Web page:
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Hoffmann, R. A wiki for the life sciences where authorship matters. Nature Genetics (2008)

Conservation of surfactant protein A: evidence for a single origin for vertebrate pulmonary surfactant.

Surface tension is reduced at the air-liquid interface in the lung by a mixture of lipids and proteins termed pulmonary surfactant. This study is the first to provide evidence for the presence of a surfactant-specific protein (Surfactant Protein A-SP-A) in the gas-holding structures of representatives of all the major vertebrate groups. Western blot analysis demonstrated cross-reactivity between an antihuman SP-A antibody and material lavaged from lungs or swimbladders of members from all vertebrate groups. Immunocytochemistry localized this SP-A-like protein to the air spaces of lungs from the actinopterygiian fish and lungfish. Northern blot analysis indicated that regions of the mouse SP-A cDNA sequence are complementary to lung mRNA from all species examined. The presence of an SP-A-like protein and SP-A mRNA in members of all the major vertebrate groups implies that the surfactant system had a single evolutionary origin in the vertebrates. Moreover, the evolution of the surfactant system must have been a prerequisite for the evolution of airbreathing. The presence of SP-A in the goldfish swimbladder demonstrates a role for the surfactant system in an organ that is no longer used for airbreathing.[1]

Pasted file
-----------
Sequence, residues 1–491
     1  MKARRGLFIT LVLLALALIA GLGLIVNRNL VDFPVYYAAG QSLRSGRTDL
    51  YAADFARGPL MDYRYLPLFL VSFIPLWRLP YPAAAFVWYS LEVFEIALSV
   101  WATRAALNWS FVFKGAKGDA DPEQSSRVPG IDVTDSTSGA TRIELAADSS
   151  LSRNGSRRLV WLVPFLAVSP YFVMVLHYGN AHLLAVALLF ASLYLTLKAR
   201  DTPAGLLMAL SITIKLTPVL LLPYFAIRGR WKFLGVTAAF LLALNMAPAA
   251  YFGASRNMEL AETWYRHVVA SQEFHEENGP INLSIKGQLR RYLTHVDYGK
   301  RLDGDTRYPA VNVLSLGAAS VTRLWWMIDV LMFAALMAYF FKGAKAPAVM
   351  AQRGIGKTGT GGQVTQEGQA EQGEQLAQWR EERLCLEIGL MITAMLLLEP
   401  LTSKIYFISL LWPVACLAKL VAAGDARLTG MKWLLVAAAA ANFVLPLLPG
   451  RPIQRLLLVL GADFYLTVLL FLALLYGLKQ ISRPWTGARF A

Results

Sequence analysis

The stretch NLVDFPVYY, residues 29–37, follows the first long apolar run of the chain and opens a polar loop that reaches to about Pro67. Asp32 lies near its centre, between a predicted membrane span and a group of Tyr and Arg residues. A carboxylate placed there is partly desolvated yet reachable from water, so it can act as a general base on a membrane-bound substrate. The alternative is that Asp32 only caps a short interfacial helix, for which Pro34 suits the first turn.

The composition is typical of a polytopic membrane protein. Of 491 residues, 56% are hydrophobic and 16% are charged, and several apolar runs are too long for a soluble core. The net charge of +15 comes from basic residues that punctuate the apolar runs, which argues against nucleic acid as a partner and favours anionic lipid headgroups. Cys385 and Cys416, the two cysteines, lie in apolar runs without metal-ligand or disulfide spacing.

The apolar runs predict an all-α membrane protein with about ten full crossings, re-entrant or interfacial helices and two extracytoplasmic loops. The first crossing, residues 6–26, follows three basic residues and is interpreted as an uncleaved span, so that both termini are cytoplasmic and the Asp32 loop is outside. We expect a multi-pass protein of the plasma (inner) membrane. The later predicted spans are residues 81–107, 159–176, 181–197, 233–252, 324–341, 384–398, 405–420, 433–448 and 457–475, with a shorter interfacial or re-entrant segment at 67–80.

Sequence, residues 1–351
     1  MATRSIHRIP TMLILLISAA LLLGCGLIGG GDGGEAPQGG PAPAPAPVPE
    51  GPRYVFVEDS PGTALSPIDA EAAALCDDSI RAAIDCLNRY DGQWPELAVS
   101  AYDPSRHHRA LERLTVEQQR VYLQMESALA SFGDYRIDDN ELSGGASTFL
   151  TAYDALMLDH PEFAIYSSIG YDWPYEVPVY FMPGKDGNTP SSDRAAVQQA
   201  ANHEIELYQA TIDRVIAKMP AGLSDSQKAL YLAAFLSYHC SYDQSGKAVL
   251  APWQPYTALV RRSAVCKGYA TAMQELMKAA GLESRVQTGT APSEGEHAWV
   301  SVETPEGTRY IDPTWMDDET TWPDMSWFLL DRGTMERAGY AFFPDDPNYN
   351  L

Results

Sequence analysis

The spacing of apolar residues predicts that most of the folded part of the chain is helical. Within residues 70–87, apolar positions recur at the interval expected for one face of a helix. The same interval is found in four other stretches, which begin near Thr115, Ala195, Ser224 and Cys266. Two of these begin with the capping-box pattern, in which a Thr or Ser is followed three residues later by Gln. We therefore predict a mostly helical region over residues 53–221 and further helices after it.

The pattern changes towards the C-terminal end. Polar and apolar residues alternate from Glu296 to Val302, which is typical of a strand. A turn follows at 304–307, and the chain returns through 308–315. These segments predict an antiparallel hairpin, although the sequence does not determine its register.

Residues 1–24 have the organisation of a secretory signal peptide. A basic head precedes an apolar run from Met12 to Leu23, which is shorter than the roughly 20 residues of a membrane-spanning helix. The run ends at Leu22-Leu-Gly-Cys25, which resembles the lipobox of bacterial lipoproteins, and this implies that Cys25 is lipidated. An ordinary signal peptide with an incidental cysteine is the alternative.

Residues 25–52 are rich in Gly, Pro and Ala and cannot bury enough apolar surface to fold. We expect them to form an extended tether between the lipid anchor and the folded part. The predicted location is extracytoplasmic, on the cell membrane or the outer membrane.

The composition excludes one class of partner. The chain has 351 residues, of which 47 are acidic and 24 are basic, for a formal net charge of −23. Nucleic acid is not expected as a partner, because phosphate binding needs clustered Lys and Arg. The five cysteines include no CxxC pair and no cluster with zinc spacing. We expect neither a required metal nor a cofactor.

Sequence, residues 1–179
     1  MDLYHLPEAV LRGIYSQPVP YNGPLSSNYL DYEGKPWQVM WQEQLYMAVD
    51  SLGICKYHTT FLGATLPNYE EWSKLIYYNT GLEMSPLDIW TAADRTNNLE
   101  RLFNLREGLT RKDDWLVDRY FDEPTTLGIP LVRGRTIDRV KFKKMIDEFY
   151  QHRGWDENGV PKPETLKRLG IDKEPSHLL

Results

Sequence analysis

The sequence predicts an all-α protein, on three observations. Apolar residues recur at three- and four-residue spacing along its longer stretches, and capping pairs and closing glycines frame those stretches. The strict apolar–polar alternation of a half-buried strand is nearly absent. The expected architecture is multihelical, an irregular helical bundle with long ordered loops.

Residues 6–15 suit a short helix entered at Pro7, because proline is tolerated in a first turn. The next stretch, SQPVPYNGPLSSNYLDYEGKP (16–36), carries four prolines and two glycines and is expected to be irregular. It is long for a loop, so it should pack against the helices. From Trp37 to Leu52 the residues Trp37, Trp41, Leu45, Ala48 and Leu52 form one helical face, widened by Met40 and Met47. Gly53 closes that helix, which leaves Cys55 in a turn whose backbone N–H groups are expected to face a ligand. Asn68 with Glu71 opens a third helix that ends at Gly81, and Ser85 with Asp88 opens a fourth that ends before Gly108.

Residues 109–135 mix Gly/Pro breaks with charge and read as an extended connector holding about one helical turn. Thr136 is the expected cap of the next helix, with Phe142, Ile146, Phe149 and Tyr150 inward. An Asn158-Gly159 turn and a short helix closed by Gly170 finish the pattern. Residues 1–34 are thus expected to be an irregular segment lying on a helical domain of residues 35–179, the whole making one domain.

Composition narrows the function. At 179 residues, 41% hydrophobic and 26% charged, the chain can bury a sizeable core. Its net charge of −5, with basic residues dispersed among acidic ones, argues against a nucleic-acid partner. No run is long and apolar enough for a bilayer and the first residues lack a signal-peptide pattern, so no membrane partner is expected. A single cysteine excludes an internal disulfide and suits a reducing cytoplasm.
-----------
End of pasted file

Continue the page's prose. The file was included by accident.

1. Conservation of surfactant protein A: evidence for a single origin for vertebrate pulmonary surfactant. Sullivan, L.C., Daniels, C.B., Phillips, I.D., Orgeig, S., Whitsett, J.A. J. Mol. Evol. (1998) [Pubmed]
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